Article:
Mandana Art of Madhya Pradesh : A Dying Beauty
Posted on May 25, 2020 by Ghoomophiro
Madhya Pradesh has countless attractions to offer to the tourists – forts, palaces, Hindu temples, Jain temples, mosques, most delicious diversity of food, art, and culture. In this article, we bring to limelight one of its most valuable offerings Mandana Art.
Mandana paintings are the wall and floor paintings traditionally done in Rajasthan and Madhya Pradesh, India. They are painted in homes to protect them, to draw health and wealth, to welcome gods into the house, for celebrations on festive occasions, etc. Similar paintings are also created in the most of the parts of Nepal and are called Mandala.
In Madhya Pradesh, the art is mostly used to decorate floors while in Rajasthan it is used both on walls and floors. The Village women in the Sawai Madhopur area of Rajasthan are known to possess the skill for developing simplistic designs to perfect symmetry and accuracy. The art has its roots in one of the oldest tribal communities of India, Meenas.
The word ‘Mandana’ in local languages means decoration, or more exactly, beautification. The resultant drawings are called Chitra Mandana – ‘Chitra’ here simply means drawing or painting.
The Mandana art can only be created on clay walls or floor. The ground that is to act as the canvas for Mandana art is first prepared with a mixture of cow dung, rati (which is a local clay), and red ochre. Lime and/or chalk powder is used for making the motif. The other tools used are a piece of cotton, a tuft of hair and/or a rudimentary brush which is made out of a date stick.
The motifs of the design include Lord Ganesha, peacocks, women at work, tigers, floral motifs, etc. Peacocks are the most frequently occurring and, one might claim, the signature motif of these works.
This love for repetition of these simple motifs, that seem to stand by themselves without trying to narrate any stories, puts in one’s mind Carl Gustav’s Jung’s theory and ideas about archetypes and archetypal symbols.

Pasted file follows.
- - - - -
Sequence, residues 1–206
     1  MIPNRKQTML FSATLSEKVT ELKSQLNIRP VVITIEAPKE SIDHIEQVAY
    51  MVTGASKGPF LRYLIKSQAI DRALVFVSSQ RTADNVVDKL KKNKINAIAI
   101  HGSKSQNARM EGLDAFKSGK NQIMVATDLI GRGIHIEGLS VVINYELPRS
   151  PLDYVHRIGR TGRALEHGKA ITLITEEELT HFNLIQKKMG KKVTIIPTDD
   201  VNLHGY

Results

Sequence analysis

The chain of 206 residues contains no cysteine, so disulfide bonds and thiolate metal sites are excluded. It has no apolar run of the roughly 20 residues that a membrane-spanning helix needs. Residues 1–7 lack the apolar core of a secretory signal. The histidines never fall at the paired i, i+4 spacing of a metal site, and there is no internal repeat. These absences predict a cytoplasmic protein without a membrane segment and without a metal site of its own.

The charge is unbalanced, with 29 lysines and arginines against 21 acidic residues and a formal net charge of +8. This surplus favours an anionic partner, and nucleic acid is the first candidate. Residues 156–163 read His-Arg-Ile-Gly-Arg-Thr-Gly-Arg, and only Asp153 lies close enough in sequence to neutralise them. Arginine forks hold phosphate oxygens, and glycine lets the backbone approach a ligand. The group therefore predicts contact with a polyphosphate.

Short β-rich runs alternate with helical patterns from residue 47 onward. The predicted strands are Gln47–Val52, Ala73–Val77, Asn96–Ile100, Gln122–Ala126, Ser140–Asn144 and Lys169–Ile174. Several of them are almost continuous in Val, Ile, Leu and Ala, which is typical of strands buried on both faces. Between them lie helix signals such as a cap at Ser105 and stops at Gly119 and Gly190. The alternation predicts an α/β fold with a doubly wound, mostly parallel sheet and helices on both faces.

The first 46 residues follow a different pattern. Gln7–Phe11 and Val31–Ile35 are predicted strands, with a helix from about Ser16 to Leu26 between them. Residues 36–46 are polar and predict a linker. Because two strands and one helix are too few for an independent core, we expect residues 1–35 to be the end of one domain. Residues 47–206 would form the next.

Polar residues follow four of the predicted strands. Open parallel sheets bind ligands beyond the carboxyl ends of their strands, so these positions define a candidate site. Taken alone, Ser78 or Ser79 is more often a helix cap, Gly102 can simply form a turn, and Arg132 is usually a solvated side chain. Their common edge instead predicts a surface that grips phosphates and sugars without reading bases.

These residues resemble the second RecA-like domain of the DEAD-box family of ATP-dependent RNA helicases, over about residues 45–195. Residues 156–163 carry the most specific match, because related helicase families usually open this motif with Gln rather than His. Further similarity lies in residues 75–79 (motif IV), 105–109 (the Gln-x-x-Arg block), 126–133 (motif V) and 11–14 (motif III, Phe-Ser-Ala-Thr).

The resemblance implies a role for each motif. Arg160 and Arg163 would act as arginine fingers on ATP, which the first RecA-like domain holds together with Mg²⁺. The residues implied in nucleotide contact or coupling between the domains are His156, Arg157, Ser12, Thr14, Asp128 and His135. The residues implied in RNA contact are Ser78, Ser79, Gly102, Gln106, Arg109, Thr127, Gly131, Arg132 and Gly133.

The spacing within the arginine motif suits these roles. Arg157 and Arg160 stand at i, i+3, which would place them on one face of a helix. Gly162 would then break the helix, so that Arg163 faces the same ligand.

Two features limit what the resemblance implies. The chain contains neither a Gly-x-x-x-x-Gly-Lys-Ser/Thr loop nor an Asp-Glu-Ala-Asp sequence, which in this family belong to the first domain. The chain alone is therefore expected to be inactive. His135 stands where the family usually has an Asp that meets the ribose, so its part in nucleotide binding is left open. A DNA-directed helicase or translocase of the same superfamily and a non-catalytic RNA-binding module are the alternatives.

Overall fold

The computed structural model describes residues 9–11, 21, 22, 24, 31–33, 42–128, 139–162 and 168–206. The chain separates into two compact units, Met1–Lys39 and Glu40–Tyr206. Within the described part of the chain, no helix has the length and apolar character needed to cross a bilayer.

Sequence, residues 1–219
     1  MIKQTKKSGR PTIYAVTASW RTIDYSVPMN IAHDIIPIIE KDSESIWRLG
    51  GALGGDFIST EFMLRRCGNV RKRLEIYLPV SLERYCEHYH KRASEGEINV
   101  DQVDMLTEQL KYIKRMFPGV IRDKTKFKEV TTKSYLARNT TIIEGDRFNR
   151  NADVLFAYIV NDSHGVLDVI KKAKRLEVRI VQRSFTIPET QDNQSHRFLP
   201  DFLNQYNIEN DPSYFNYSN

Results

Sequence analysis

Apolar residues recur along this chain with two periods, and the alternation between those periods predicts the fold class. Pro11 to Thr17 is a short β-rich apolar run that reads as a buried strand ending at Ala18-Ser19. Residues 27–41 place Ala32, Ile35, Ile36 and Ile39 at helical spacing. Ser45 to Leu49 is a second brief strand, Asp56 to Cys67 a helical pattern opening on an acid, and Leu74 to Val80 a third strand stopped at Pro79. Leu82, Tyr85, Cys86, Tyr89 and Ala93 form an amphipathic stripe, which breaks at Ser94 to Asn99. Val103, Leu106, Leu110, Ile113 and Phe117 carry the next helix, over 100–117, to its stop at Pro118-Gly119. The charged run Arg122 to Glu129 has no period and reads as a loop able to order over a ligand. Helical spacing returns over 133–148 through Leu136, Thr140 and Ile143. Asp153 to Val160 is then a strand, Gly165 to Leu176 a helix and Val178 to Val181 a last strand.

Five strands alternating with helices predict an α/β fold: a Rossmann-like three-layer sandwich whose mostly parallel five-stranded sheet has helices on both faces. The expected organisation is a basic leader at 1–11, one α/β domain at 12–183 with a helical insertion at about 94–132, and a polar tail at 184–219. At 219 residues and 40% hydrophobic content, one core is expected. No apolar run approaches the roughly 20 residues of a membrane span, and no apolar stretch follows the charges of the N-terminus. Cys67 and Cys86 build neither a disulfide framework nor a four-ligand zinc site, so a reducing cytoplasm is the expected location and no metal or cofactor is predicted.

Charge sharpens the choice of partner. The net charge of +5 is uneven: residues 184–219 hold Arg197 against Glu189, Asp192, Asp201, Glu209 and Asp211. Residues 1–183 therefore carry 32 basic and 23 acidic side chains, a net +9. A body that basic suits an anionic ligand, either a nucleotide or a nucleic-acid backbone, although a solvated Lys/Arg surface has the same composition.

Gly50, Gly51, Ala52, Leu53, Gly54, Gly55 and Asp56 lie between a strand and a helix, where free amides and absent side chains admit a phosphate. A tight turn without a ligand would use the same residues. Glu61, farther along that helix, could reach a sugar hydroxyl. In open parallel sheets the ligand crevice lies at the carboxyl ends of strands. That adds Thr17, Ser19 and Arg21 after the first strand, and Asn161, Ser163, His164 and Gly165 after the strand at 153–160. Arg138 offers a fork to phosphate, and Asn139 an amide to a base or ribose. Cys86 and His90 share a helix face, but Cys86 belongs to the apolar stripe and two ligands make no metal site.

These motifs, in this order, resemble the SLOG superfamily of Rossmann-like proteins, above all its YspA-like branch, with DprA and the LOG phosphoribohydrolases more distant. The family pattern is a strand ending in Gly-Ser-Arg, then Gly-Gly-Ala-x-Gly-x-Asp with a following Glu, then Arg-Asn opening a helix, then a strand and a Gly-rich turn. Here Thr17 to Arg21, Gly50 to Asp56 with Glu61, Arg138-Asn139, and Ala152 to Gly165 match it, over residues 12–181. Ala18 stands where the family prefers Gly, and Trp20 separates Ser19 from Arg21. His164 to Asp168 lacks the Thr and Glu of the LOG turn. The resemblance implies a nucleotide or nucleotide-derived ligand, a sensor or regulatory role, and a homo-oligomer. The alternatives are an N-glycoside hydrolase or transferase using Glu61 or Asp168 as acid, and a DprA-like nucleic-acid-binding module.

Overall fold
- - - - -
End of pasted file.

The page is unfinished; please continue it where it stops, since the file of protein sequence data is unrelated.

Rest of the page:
That said, it is not to say that Mandana art is closed to innovations. Over the years, the artists have introduced several new motifs – tractor, bus, bullock-cart, cycle, motorcycle, etc.
The simplicity of the motifs is also visible in the scheme of colors which are used to fill the drawings as the last step in completing the work. Normally as few as two colors are used – often red and white.
In some of them like tapki Ke Mandanas, the motifs are placed in a way to form a geometrical shape – a rhombus, a circle or a rectangle. This love for geometrically perfect shapes is once again something a Jungian could smile at.
Importance during festivals
The motifs are associated with good luck and are thus called ‘Shubh Manglik’ and survive in some regions only in celebration of some of the festivals. Teej is a semi-popular festival that often involves the use of Mandana art or some rudimentary form of it. Another popular example in which it survives is ‘rangoli’.
A dying art
Mandana art is dying and the artists are finding less and less employment even within villages as the number of concrete houses is on the increase and concrete is not receptive to this art which can only be created on walls of clay and anyway there are fewer takers of the art as it is.
There are many reasons to save this art. Its creation combines two qualities that rarely go together in most modern arts – simplicity and beauty.
Again, its use of natural material as its tools speaks highly of how eco-friendly our traditions were – and not to say inexpensive.
It is also a source of traditional employment for women in a country and community where employment for women was very rarely encouraged traditionally. There is something feminine about the aesthetic of the work itself. You won’t see a lot of warrior men in the works, for example; and motifs like peacocks and flowers are so much more attractive to women.
And the paintings no matter how simple is never without a part of the artist’s soul in it. A part of the artist’s life – and that of the artists that previously did the same work is contained in those works – telling us of their lives and experiences. The simplicity of such art forms as Mandana can be deceiving and might make an outsider consider it to bo be devoid of meaning when the very opposite is the truth.
Mandana art in new platforms
The Mandana art might be getting exiled from its home of centuries – the walls and floors of houses but it has found newer places to exist. One such place is the canvas. More and more painters are being inspired by Mandana art and streaming their art through the centuries-long language of expression developed over centuries by Mandana artists.
Another place it is getting its foothold on is fabrics. The traditional designs and artworks are increasingly getting trendy, thus giving a new place for Mandana art to survive.
We hope that Mandana art manages to find survivors in these forms if not in its traditional art. If you love the mesmerizing simplicity with which they strike one, please do consider buying some Mandana art worked goods and let us hope the art regains its old popularity. Cheers. J